NPR3 and NPR4 are receptors for the immune signal salicylic acid in plants. Nature

Howard Hughes Medical Institute-Gordon and Betty Moore Foundation, Department of Biology, PO Box 90338, Duke University, Durham, North Carolina 27708, USA.
Nature (Impact Factor: 41.46). 06/2012; 486(7402):228-32. DOI: 10.1038/nature11162
Source: PubMed


Salicylic acid (SA) is a plant immune signal produced after pathogen challenge to induce systemic acquired resistance. It is the only major plant hormone for which the receptor has not been firmly identified. Systemic acquired resistance in Arabidopsis requires the transcription cofactor nonexpresser of PR genes 1 (NPR1), the degradation of which acts as a molecular switch. Here we show that the NPR1 paralogues NPR3 and NPR4 are SA receptors that bind SA with different affinities. NPR3 and NPR4 function as adaptors of the Cullin 3 ubiquitin E3 ligase to mediate NPR1 degradation in an SA-regulated manner. Accordingly, the Arabidopsis npr3 npr4 double mutant accumulates higher levels of NPR1, and is insensitive to induction of systemic acquired resistance. Moreover, this mutant is defective in pathogen effector-triggered programmed cell death and immunity. Our study reveals the mechanism of SA perception in determining cell death and survival in response to pathogen challenge.

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    • "The remaining 15 genes did not behave similarly compared to heat responsive genes in Mittal et al. suggesting that these might be involved in heat stress responses in reproductive organs. This small subset includes uncharacterized bHLH and NAC/NAM transcription factor encoding genes and BTBA4, the closest homolog of the salicylic acid (SA) receptor gene NPR3 from Arabidopsis (Fu et al. 2012). Several studies have demonstrated the physiological effect of SA on heat tolerance in plants (reviewed inHorvath et al. 2007), however, no clear mechanistic interaction between SA-mediated biotic and abiotic stresses has been determined in rice. "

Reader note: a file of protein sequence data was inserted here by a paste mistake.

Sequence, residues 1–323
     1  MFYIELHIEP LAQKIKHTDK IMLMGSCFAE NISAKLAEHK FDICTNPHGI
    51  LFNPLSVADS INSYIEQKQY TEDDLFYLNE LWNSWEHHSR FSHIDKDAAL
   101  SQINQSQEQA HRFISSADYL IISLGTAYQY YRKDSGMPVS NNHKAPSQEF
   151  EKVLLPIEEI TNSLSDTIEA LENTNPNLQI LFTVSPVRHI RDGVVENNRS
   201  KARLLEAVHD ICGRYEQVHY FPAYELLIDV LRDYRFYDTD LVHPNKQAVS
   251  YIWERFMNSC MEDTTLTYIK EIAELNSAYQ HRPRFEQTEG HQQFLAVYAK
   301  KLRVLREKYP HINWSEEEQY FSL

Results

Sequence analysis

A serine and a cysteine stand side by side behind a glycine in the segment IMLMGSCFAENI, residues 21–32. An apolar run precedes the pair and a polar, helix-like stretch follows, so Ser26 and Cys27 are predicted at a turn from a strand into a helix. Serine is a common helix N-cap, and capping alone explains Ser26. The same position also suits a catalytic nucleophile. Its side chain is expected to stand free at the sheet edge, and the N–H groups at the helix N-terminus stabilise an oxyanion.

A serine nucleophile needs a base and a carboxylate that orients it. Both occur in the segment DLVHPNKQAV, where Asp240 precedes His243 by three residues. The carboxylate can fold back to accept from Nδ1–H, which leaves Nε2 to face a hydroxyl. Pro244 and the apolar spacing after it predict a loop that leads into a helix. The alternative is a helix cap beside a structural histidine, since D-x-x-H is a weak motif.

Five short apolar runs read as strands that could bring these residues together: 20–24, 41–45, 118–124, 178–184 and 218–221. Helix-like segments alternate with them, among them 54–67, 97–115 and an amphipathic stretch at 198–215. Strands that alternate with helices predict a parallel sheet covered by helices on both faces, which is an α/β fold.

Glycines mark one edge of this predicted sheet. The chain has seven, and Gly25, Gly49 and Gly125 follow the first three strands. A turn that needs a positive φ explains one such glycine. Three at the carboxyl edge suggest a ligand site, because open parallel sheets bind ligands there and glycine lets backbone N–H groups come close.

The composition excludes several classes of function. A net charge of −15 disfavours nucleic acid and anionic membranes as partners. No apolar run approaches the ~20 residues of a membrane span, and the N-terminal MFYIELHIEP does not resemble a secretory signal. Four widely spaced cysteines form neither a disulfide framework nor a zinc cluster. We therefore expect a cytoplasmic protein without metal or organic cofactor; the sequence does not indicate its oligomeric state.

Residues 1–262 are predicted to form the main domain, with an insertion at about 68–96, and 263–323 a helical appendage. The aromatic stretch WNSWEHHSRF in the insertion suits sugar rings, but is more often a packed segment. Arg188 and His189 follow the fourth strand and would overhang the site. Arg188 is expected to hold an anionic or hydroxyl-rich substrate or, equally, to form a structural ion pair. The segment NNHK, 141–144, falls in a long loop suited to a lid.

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    ABSTRACT: Rice is one of the main food crops in the world. In the near future, yield is expected to be under pressure due to unfavourable climatic conditions, such as increasing temperatures. Therefore, improving rice germplasm in order to guarantee rice production under harsh environmental conditions is of top priority. Although many physiological studies have contributed to understand heat responses during anthesis, the most heat sensitive stage, molecular data is still largely lacking. In this study, an RNA-sequencing approach of heat- and control-treated reproductive tissues during anthesis was carried out using N22, one of the most heat tolerant rice cultivars known to date. This analysis revealed that expression of genes encoding a number of transcription factor families, together with signal transduction and metabolic pathway genes, is repressed. On the other hand, expression of genes encoding heat shock -factors and -proteins was highly activated. Many of these genes are predominantly expressed at late stages of anther development. Further physiological experiments using heat-tolerant N22 and two sensitive cultivars suggest that reduced yield in heat-sensitive plants may be associated with poor pollen development or production in anthers prior anthesis. In parallel, induction levels of a set of heat-responsive genes in these tissues correlated well with heat tolerance. Altogether, these findings suggest that proper expression of protective chaperones in anthers is needed before anthesis to overcome stress damages and to ensure fertilization. Genes putatively controlling this process were identified and are valuable candidates to consider for molecular breeding of highly productive heat tolerant cultivars.
    No preview · Article · Nov 2015 · Plant and Cell Physiology